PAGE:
Original Raptor – 1962 Ford Falcon

Recent reading led me to see if I could find a usable, affordable Ford Mustang. However, it appears that as we approach the 50th anniversary of the Mustang, the slightly mangy but affordable ones are gradually disappearing, leaving complete projects, nice drivers, and beyond. So what to do? AMC AMXs or Javelins might be cheaper, but unfortunately hard to find. Maybe an average sedan with a powerful engine, like a Nova? Guess again, it appears most anything beyond a basket case is over $4000. And then I realized I’d forgotten the Ford Falcon (approved by 9 out of 10 Argentinean government spooks!). The Mustang’s more dowdy older sister, the years have been kind to it and it now looks like a tidy little compact sedan. Save yourself some time poring through all kinds of listings and reach out to the seller of this 1962 Falcon two-door, listed at $3900 (still not cheap!) in Port Orchard, WA, just west of Seattle.

1962 Ford Falcon left front

Looks pretty in pale blue, and these spoke hubcaps work really well on it. Together with the faux hood scoop and the badging, it actually looks a little sporty, if not quite as sporty as the sprint. Compared to the others out there, this car seems really well treated for the asking price. Both the current owner of eight years and the former owner kept it in their garages, so although there’s no mention of rust, this and the fact nothing shows on the light blue color give hope for a rust-free car.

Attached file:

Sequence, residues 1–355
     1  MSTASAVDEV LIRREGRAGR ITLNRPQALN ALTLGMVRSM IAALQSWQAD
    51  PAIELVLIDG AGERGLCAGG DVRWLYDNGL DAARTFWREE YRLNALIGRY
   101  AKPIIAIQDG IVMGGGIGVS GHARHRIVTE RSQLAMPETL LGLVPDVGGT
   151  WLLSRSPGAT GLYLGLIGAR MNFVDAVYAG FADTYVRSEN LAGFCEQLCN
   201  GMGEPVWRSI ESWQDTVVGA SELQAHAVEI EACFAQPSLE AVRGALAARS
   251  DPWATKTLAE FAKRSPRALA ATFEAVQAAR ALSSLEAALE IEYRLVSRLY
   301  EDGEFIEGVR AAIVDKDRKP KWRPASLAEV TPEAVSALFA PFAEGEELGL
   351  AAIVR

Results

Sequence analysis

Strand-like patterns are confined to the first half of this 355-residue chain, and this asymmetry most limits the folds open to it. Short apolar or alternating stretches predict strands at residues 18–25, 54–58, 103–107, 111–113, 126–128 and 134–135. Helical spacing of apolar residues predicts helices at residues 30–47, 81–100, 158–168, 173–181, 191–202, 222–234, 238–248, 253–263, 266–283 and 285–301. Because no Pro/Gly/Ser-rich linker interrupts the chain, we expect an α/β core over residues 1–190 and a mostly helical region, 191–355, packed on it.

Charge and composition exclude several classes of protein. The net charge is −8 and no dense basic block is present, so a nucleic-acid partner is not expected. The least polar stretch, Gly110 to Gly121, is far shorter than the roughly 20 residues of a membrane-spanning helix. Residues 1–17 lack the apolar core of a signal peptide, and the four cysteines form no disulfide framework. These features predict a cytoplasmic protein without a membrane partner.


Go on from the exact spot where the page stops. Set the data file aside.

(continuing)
1962 Ford Falcon interior

Seller says everything is in good shape, and the interior certainly supports that. Apparently the radio even works, although I would expect an AM radio. How do you feel about sports & talk? What a nice, simple interior – could a modern car not carry this theme? The Honda S2000 pulled it off successfully a few years back.

1962 Ford Falcon rear

The rear is nice too. Who was BMW looking at when they designed the round tail lights on the 2002? A Falcon, Galaxie, Cortina, or something else? There’s no picture of the 170ci six, which is mated to a three-on-the-tree manual, but it could be fun to find out what the popular modifications are and try them out. And unless shifting is really painful, there’s no point saving the 3-speed C4 that comes with the car.


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